Article: What’s Eating Little Portugal?

Here is an article I read last year, but was posted today by someone on facebook.

What’s Eating Little Portugal?

Forget Africentric schools: Toronto’s Portuguese community has the highest dropout rate in the city. 

http://maisonneuve.org/article/2013/01/7/whats-eating-little-portugal/

Article:
ERIC ANDREW-GEE
JAN. 7, 2013

Although the high dropout rate among black students has grabbed headlines in recent years, prompting the creation of two Africentric schools in Toronto, it’s Portuguese who, according to a 2006 Toronto District School Board report, have the highest rate in the city: 42.5 percent. –


You should read through the article yourself, but it is a VERY good description, and analysis, as to why a lot of Portuguese students dropout.  We always have to remember that there are many influences that play on our students, and that everything we say has an impact

Born in Portugal, [Filipe] came to Toronto when he was seven. I asked him if teachers ever tried to set his expectations low. “My Grade 8 teacher said we’re all going to be carpenters like all the other Portuguese,” he answered. “Unless we study.” His friend Bryan added, “Some student teacher came in in Grade 7 and said Portuguese kids don’t like to study.”

As teachers we need to show our students that school, and knowledge in general, is something positive and important.  We need to, unfortunately, make it worth their time to learn, because there are many other things that they could be doing. Moving away from learning as a task just to go to the next grade needs to be something that all teachers focus on. There needs to be a goal, something the students can be proud of.

Back in the seventies, he said, the Portuguese in Canada were poor, and focused on financial stability above all else. There was a logic to dropping out—mortgages to be paid, food to be put on the table. “Now, I don’t really understand why,” Gomes said. “Things aren’t as bad as they used to be.” Still, he said, with a dark chuckle, “it’s the same attitude: work first, knowledge later.”

Times have changed, and we need to make sure that our students know that education helps that change take place.

What needs to change?

What can we do to emphasize the importance of education to all students?

FULL ARTICLE
http://maisonneuve.org/article/2013/01/7/whats-eating-little-portugal/

ERIC ANDREW-GEE
JAN. 7, 2013

Mr.S

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3 comments

  1. WOW! I just finished reading the whole article you mention on your post. It hit all the points! I am a Portuguese living in Canada for 10 years. My husband is Portuguese-Canadian but his parents valued learning. We are not typical! Our children love learning and their grades are within the highest in their schools.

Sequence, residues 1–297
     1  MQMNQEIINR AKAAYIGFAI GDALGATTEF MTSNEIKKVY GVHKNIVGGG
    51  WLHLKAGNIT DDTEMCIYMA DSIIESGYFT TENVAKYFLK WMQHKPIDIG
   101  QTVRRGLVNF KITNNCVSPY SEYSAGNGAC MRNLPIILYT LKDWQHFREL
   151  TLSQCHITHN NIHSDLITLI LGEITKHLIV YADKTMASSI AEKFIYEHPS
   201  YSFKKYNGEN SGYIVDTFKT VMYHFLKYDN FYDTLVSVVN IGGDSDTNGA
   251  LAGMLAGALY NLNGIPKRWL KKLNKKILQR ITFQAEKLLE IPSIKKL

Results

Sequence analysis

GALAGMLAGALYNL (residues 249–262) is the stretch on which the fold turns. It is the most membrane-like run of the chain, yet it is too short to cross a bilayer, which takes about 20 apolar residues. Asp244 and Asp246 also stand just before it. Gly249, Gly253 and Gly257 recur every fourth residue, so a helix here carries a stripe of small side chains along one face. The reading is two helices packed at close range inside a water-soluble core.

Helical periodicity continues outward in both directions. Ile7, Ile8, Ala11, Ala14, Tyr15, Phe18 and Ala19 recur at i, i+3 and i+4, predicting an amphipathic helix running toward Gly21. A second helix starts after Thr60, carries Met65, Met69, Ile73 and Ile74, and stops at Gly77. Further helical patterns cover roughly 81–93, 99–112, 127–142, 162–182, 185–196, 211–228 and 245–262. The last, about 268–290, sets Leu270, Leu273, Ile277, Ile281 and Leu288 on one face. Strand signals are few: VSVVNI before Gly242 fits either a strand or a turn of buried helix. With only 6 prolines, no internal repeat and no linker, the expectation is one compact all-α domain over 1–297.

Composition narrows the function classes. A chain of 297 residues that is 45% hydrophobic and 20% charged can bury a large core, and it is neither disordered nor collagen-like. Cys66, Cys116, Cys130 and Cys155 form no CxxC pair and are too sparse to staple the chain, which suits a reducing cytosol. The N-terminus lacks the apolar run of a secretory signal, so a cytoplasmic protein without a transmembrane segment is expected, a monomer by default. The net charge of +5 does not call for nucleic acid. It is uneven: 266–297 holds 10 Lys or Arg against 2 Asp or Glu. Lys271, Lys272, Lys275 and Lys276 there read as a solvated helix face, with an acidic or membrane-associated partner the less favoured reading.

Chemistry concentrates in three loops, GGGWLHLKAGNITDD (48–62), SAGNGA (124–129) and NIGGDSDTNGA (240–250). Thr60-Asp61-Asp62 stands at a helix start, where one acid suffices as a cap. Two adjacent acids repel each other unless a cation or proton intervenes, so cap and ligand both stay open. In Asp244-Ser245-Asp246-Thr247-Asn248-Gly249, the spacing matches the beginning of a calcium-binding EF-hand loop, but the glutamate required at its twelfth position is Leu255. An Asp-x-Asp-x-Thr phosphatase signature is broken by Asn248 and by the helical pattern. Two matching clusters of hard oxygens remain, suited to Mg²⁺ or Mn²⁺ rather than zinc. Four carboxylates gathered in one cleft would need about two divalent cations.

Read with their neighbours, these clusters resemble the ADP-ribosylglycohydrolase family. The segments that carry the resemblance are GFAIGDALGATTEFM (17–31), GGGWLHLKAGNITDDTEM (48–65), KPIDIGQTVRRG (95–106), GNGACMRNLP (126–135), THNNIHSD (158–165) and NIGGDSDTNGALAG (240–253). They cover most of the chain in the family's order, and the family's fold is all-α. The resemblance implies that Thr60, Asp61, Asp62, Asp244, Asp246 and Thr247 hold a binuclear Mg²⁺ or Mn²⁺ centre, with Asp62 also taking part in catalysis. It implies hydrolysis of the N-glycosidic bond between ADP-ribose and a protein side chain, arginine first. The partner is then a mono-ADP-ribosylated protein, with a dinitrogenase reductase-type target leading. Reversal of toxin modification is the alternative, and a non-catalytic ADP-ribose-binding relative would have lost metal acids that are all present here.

However, the facts that were pointed out in the article are exactly the same as what is happening in Portugal. School is not as valued as work is. Parents do not help their children with school work (either because they don’t know how to or because they don’t think it worth it). When living in Portugal, I worked as a teacher and experienced this issue first-hand!
    This mentality is slowly changing in Portugal. I couldn’t tell if the same is happening here. However, I can tell you that the Portuguese communities in Canada are a lot more attached to old views and philosophies of the past. As a new immigrant, I came to realize that there is a huge gap between what I as a Portuguese citizen am used to, and what the Portuguese community here thinks. I am a post-dictatorship Portuguese and my views of the world are completely different from immigrants that came here during or immediately after the dictatorship. They didn’t get a chance to learn to leave behind the beliefs they were made to absorb during the rule of Salazar.
    I think the problems the Portuguese students are facing are heavily related to the fact that their parents do not value education as much as other communities. Try and ask a Portuguese parent how many books they read on a regular basis…… you might get the shock of your life 🙂
    I am glad my family is the exception to the rule. I don’t think that curriculum or teachers have a big influence in this outcome (not negatively anyway). This problem is rooted in the community and only with time will it start changing. It won’t happen overnight.

    Like

  2. Thanks for the comment! It is a very interesting situation. I went to school with a lot of Portuguese people in elementary and secondary, but realized there were not that many in university. Like I said in my brief comments, I think that teachers need to realize there are a lot of external factors surrounding the willingness of the student to learn, and we need to do our best to understand them. I had no idea about these issues until a few years ago, and this article does a great job of bringing them to the table.

    Thanks again!

    Like

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